Harvard to high office: Senator Elizabeth Warren, who heads the Consumer Financial Protection Bureau. Photo: Getty
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Encounters in a Harvard canteen, Elizabeth Warren’s options and the charm of John McCain

The shadow foreign secretary reports from a four-day trip to the States. 

The day before the long Easter weekend, the papers are filled with coverage of David Axelrod joining the Labour campaign. After the Easter break, I’m on a plane to the US, where I’ll be staying for four days.

My first destination is Harvard. In the hotel canteen for breakfast, I unexpectedly run into my shadow cabinet colleague Tristram Hunt. It turns out that he’s on campus for meetings on education policy. Next, I see Mark Penn – Hillary Clinton’s pollster in 2008 and Labour’s pollster in 2005. It’s that kind of place.

After breakfast, I meet Larry Summers – now back at Harvard as a professor after his work with Clinton’s and then Obama’s economic teams. He offers trenchant views on the impact of austerity on the British economy and outlines his concerns about the risks of “secular stagnation” in key industrial economies. He tells me that George Osborne was in town the previous week and we then discuss the work he’s doing with Ed Balls at the Centre for American Progress on sustainable growth in the global economy. In the early 1990s, there was significant dialogue between New Labour and the New Democrats about how to meet the common challenges of that time. Now, on both sides of the Atlantic, the challenges of securing sustainable growth and tackling rising inequality are dominating policy conversations – and shaping the outcome of political races.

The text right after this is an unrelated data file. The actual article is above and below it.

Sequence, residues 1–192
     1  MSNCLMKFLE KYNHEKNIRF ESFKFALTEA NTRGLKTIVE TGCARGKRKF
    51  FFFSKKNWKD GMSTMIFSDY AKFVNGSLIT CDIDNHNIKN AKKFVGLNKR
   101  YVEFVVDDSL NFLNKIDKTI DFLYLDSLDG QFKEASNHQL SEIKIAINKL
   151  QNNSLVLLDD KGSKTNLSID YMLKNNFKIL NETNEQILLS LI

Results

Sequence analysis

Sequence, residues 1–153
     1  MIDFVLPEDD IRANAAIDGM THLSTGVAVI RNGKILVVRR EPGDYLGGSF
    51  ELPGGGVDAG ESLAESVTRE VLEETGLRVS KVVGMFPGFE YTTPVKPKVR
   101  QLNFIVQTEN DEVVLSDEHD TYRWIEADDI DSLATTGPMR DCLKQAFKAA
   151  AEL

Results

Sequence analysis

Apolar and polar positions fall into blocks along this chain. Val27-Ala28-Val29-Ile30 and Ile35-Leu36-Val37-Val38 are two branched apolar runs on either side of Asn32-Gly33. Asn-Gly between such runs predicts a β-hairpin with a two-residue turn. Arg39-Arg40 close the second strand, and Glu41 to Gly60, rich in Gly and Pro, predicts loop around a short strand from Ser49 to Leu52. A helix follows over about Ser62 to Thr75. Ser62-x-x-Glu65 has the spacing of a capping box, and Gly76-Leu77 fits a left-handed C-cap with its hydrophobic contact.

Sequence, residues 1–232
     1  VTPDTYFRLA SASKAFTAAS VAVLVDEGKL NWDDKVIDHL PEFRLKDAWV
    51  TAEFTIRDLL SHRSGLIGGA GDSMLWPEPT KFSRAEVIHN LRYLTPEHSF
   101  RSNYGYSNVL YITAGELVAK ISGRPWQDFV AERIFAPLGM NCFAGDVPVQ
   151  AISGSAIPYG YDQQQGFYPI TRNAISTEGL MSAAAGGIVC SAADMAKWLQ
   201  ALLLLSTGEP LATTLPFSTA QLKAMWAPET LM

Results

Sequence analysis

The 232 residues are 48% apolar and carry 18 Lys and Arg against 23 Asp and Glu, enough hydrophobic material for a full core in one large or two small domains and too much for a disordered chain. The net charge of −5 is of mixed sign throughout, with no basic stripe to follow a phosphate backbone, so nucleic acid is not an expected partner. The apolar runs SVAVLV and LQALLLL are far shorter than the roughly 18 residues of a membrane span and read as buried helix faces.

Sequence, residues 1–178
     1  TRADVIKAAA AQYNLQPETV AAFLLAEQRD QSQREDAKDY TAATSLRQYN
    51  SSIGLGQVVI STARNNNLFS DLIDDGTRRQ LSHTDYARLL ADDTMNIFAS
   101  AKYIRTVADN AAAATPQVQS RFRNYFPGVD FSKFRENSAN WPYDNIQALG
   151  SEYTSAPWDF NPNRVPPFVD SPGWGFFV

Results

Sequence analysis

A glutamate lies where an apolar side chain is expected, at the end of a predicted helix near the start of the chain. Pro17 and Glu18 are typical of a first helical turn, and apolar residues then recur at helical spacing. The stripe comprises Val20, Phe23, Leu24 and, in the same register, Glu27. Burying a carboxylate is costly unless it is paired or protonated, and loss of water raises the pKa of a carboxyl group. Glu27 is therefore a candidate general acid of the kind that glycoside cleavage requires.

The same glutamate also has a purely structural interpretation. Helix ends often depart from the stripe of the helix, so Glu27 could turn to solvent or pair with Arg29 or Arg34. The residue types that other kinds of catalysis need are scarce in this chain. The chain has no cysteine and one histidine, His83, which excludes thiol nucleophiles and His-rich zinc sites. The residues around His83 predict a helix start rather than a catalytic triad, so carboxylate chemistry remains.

Open Democratic choices

Conversations about the US economy aren’t just happening in the offices of Harvard professors; they are happening at kitchen tables across the country. Indeed, the public anger over the fraud, crash and bailouts of the American banks has already carried another Harvard professor, Elizabeth Warren, all the way from her lecture hall to the US Senate. As an academic specialising in bankruptcy, she was brought to Washington by President Obama to set up an agency to protect consumers from being ripped off by financial services companies. Her work there on behalf of working families in turn helped her defeat the popular Republican senator Scott Brown.

I last saw her speak at the Democratic National Convention in Charlotte, North Carolina, in 2012. That night she brought the crowd to its feet with a fiery speech declaring that, for ordinary American families, the game is rigged – rigged to work for those who have money and power. Now she has a new book out, A Fighting Chance. The one question this book, and her media appearances to promote it, leave unanswered is whether Warren is eyeing a run for the White House. As one friend put it to me, “She’s in the optionalising business.”

 

Different ball game